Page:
Underlining or Italicizing Titles

Titles of longer written works are underlined or italicized.

Longer written works include books, full-length plays, films, longer musical compositions, and periodicals.

Incorrect (speaking of the musical): I like Oklahoma.
(The state?)

Incorrect: I like "Oklahoma."
(The song?)

Correct: I like Oklahoma. OR
I like Oklahoma.
(The title of a longer work is italicized or underlined.)

Correct: I liked Macbeth, but not Macbeth.
(I liked the play Macbeth, but not the character of that name.)

Correct: Time magazine carried a review of Blade Runner, the film based on the novel Do Androids Dream of Electric Sheep?
(The periodical, film, and book title are all italicized or underlined. Note that the question mark is italicized also because it is part of the title.)

Titles of radio and television series as well as works of art are underlined or italicized.

Correct: Rodin's The Thinker

Correct: We used to watch reruns of Gilligan's Island.

Correct: My favorite Star Trek episode is "The Trouble with Tribbles."
(Note the last one--the series is italicized; the episode is in quotation marks.)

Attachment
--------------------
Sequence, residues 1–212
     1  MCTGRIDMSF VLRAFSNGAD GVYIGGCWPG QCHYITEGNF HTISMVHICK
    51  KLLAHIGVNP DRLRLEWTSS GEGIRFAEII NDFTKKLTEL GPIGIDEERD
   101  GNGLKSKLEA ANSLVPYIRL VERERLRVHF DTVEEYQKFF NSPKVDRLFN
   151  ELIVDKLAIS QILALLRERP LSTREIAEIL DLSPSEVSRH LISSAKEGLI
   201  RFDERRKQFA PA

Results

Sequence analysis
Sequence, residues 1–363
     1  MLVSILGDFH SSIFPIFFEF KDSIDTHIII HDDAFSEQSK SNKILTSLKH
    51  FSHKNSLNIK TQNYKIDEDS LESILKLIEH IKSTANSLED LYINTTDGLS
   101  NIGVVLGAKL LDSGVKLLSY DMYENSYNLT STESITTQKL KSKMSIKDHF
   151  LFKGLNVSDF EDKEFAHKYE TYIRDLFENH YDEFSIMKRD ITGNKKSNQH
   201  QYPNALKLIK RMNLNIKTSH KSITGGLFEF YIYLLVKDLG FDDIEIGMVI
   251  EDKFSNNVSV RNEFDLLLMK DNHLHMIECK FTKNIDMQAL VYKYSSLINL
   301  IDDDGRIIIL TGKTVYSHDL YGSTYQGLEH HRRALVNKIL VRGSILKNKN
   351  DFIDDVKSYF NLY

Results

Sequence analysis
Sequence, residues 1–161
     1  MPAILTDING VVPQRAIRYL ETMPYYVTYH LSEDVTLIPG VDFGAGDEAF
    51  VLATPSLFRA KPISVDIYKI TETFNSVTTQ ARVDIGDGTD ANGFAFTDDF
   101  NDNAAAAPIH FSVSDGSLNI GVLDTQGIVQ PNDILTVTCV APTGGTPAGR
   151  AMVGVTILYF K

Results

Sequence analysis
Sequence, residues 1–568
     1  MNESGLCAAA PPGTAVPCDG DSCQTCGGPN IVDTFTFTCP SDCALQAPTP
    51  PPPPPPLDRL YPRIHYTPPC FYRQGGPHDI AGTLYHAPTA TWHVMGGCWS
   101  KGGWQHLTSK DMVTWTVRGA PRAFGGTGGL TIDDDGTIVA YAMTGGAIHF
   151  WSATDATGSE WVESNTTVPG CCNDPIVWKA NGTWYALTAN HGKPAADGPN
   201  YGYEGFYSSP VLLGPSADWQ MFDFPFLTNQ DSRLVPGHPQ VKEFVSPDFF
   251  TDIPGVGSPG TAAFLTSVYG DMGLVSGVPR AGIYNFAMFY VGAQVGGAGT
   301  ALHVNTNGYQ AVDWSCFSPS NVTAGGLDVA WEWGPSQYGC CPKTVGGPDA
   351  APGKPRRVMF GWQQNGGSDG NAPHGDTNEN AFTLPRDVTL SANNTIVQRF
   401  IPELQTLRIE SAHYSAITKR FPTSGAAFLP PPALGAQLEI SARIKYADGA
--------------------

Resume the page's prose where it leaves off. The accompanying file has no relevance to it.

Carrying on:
See also Underlining and Italicizing, Italicized Names, and Titles with Quotation Marks.

If an italicized or underlined name or title appears in the title of a work or some other writing which is otherwise italicized or underlined, the writer has a choice:

1. Normally the specific item reverts to standard type. This is always done in bibliographies and formal references.

Example: A Commentary on Piers Plowman
(Book title contains name of another book)
2. Or you may italicize or underline the title or otherwise italicized or underlined writing without regard to the further italicized words. This may be necessary to avoid confusion.
Example: A Commentary on Piers Plowman helped me understand that medieval work.
(Using the style of #1 for this would be more likely to confuse the reader.)


Complete Contents
Glossary

Grammar Contents


Copyright©1997-2006 English Plus, All rights reserved.